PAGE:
La déduction de l'auteur
March 13th - April 19th, 2014
Michel Rein, Brussels
The Argentinean writer Luis Borges ? who Raphaël Zarka likes to quote ? writes in the preface to the first edition of his complete works in the Pléiade library: ?Mathematical symbols hardly offer any mystery. Those of language, words, on the other hand seem to possess their own life. Their meaning is constant but their connotations and their environment change in an unpredictable manner.?
Probably ? a borgesien conjecture also inherent in the work of Raphaël Zarka ? it?s the same case for shapes. It?s at least what their ?migration? lets us think concludes the artist with the fervor of an obsessive surveyor for whom the treasure found is astonishment, in the sense of Jean Cocteau?s definition: ?The marvelous, having sprung from an order which is lightly perturbed, one understands that it always seems to appear in moments without seriousness. This allows us to confuse it with small coincidences.?
Effectively, what can the bowl of an American skate park, an instrument invented by Galileo to study pendular movement, a contemporary sculpture by Katarzyna Kobro and elements of the astronomical observatory in Jaipur, India have in common? They have a structural homology, isomorphic reminiscences, visual coincidences which have been associated in the artist?s mind. Breton and the surrealists were searching for the poetic spark which could be produced by a lucky association of common objects; Zarka finds it in the formal recurrence of scattered objects, sometimes very far flung in both time and space, or remaining distant through the functions and usages that man makes or has made of them. A rhombicuboctahedron may be an abandoned module of artificial reefs, may have illustrated the world?s perfection for a Platonic idealist or may have come to be an example of divine proportion for a 15th century mathematician.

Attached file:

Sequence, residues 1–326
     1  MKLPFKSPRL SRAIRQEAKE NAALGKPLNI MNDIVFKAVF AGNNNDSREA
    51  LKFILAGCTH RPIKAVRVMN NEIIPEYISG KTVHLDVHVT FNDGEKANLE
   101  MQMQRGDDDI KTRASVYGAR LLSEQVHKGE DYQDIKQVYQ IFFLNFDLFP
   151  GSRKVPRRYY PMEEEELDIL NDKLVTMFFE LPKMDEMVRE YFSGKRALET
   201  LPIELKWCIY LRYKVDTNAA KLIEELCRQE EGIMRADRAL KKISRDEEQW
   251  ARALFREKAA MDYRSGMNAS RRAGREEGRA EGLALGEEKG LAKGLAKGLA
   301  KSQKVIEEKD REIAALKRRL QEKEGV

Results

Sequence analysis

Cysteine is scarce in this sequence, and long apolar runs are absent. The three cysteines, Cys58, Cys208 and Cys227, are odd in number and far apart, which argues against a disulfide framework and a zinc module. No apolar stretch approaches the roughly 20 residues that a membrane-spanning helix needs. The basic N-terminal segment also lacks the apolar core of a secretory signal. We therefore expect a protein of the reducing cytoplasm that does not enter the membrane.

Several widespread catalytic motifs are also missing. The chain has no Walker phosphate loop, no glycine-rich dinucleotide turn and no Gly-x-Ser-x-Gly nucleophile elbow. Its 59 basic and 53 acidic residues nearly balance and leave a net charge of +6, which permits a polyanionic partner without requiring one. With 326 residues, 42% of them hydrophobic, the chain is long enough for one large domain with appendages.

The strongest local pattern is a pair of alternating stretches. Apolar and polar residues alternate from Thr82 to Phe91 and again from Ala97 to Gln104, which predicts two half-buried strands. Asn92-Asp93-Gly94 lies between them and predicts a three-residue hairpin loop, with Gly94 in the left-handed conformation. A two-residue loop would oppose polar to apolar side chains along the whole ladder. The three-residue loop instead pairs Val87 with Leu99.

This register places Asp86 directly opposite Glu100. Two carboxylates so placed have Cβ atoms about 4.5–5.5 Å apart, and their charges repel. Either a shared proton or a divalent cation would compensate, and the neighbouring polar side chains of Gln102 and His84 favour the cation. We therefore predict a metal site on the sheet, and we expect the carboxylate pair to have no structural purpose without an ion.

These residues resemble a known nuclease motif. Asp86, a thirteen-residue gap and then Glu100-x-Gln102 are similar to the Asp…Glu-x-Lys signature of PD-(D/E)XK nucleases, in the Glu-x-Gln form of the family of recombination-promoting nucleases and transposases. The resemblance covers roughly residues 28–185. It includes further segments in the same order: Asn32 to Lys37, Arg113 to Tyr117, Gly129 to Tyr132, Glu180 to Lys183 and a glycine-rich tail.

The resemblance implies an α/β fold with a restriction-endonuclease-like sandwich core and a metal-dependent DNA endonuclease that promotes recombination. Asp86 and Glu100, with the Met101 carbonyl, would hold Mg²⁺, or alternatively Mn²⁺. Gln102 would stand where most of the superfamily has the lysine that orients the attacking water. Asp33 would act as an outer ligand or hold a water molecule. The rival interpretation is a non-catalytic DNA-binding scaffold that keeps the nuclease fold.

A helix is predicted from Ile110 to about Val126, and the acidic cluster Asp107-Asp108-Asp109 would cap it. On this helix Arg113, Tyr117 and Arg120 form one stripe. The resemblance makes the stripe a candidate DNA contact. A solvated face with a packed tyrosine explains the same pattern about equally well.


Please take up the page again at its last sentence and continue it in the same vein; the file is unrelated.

In the uncountable universes of human activity, all generating shapes ? clearly less numerous than we believe ? Zarka slaloms liberally, decompartmentalising these disciplines and domains which hold them rigorously separated, in the style of a skater, playing with the obstacles and dips which punctuate the town, in order to create new porosities between its components. ?I am unable to perceive shapes as anything but products of culture?. He explains ?associated with names, with contexts and with other shapes.? The inventory of these occurrences, in a sometimes ?documentary-like? or ?archeological? way, is not enough to measure the extent of the work. The artist, an experienced skater and a historian amused by discipline, knows that the discovery of a spot is not a means to an end; he must first exhaust the possibilities, before reusing them at his own will and reconnecting them to other possibilities. The recent series of Prismatiques combinations and sculptural amplifications of a wooden key used to tighten the canvas onto its frame is exemplary: This simple form generated other simple forms which collapsed into each other to resemble other motifs and other meanings, ?The migration of shapes is a migration of usages? he concludes.
However surveying also involves measuring, segmenting, and organising throughout a physical test. Consequently each exhibition, each installation, each sculpture by Raphaël Zarka is a real work of ?set design?, in the double sense of writing within space and through a set design. As the skater defines his relationship to textures, to the empty and full spaces that urban development confronts him with, the sculptor restructures the space around his work. This work sculpts the empty spaces and realigns architecture, domesticating it at first, and then adapting it to the environment. This should certainly be the case for every sculpture but it?s above all the doing of great sculptors. Even the most condensed works of Raphaël Zarka accomplish this miracle: rewriting the space around them, repeating this ambition which is as derisory as it is breathtaking, to bring the chaotic proliferation of the world up against a new organisation which justifies it.
Pierre Olivier Rollin, March 2014
For further information, please contact : Patrick Vanbellinghen, director